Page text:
Imagine this scenario: I walk up to the counter at a fast-food restaurant, and place an order for a cheeseburger. I hand the cashier $2.47. By placing my order and paying for it, I’ve made a request for a value back (the cheeseburger). I’ve started a transaction. But often, the chesseburger is not immediately available for me. The cashier hands me something in place of my cheeseburger: a receipt with an order number on it. This order number is an IOU (“I owe you”) promise that ensures that eventually, I should receive my cheeseburger. So I hold onto my receipt and order number. I know it represents my future cheeseburger, so I don’t need to worry about it anymore — aside from being hungry! While I wait, I can do other things, like send a text message to a friend that says, “Hey, can you come join me for lunch? I’m going to eat a cheeseburger.” I am reasoning about my future cheeseburger already, even though I don’t have it in my hands yet. My brain is able to do this because it’s treating the order number as a placeholder for the cheeseburger. The placeholder essentially makes the value time independent. It’s a future value. Eventually, I hear, “Order 113!” and I gleefully walk back up to the counter with receipt in hand. I hand my receipt to the cashier, and I take my cheeseburger in return. In other words, once my future value was ready, I exchanged my value-promise for the value itself. But there’s another possible outcome. They call my order number, but when I go to retrieve my cheeseburger, the cashier regretfully informs me, “I’m sorry, but we appear to be all out of cheeseburgers.” Setting aside the customer frustration of this scenario for a moment, we can see an important characteristic of future values: they can either indicate a success or failure. Every time I order a cheeseburger, I know that I’ll either get a cheeseburger eventually, or I’ll get the sad news of the cheeseburger shortage, and I’ll have to figure out something else to eat for lunch.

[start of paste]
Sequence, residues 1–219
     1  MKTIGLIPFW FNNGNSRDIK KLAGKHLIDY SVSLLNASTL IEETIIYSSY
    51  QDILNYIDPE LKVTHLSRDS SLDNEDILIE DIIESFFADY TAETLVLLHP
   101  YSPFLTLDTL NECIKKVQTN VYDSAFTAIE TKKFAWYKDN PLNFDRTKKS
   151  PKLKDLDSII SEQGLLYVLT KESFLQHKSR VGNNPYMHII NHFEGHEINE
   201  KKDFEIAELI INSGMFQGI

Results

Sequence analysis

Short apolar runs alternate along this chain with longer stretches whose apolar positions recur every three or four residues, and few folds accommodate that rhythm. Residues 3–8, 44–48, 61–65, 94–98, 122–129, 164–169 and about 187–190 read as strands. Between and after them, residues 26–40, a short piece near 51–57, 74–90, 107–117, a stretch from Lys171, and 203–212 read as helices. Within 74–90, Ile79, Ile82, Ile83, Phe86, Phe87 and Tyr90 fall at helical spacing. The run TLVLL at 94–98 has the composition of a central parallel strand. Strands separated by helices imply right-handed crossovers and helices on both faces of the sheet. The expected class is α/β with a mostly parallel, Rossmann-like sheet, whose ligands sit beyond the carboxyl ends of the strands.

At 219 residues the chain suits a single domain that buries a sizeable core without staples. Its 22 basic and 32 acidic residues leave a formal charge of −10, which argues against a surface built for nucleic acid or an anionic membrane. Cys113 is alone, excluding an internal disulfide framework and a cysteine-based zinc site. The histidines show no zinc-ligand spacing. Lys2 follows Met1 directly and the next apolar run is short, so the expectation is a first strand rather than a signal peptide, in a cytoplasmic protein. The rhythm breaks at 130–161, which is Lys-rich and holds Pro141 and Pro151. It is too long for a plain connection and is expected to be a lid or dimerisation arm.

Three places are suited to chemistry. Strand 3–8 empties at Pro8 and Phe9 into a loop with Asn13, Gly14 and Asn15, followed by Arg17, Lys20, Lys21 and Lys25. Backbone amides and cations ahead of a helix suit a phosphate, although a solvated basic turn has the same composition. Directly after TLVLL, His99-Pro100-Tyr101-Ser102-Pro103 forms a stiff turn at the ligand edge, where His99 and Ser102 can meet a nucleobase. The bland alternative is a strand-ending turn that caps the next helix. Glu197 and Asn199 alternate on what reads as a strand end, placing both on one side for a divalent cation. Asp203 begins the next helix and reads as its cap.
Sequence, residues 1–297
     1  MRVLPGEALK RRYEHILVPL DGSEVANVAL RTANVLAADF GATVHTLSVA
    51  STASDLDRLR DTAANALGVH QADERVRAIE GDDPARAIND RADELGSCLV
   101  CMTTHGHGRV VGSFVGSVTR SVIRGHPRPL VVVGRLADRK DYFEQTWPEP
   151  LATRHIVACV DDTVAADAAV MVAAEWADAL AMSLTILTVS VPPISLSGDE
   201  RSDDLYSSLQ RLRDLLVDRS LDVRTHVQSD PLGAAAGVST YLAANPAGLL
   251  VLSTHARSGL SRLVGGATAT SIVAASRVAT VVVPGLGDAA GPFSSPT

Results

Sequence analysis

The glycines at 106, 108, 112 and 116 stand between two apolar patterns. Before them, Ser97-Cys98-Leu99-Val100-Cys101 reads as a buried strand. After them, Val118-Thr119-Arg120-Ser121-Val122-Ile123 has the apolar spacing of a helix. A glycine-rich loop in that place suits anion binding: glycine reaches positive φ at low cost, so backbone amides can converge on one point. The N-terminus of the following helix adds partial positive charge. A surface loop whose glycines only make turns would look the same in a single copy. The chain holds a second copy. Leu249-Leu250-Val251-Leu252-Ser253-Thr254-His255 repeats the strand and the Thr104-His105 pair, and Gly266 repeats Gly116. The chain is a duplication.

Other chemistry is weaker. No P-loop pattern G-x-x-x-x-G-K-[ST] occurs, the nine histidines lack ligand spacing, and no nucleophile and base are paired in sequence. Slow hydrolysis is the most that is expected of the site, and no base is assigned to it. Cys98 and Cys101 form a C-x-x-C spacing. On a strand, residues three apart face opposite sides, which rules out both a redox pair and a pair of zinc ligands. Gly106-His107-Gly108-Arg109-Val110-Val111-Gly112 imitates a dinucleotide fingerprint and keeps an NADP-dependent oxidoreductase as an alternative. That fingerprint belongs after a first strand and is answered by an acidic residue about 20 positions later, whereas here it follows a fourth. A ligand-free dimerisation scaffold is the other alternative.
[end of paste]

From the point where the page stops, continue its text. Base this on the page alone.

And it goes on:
Because Promises encapsulate the time-dependent state — waiting on the fulfillment or rejection of the underlying value from the outside, the Promise itself is time-independent, and thus Promises can be composed (combined) in predictable ways regardless of the timing or outcome underneath. Moreover, once a Promise is resolved, it stays that way forever — it becomes an immutable value at that point — and can
then be observed as many times as necessary. Note: Because a Promise is externally immutable once resolved, it’s now safe to pass that value around to any party and know that it cannot be modified accidentally or maliciously. This is especially true in relation to multiple parties observing the resolution of a Promise. It is not possible for one party to affect another party’s ability to observe Promise resolution.
Immutability may sound like an academic topic, but it’s actually one of the most fundamental and important aspects of Promise design, and shouldn’t be casually passed over.
That’s one of the most powerful and important concepts to understand about Promises. With a fair amount of work, you could ad hoc create the same effects with nothing but ugly callback composition, but that’s not really an effective strategy, especially because you have to do it over and over again. Promises are an easily repeatable mechanism for encapsulating and composing future values.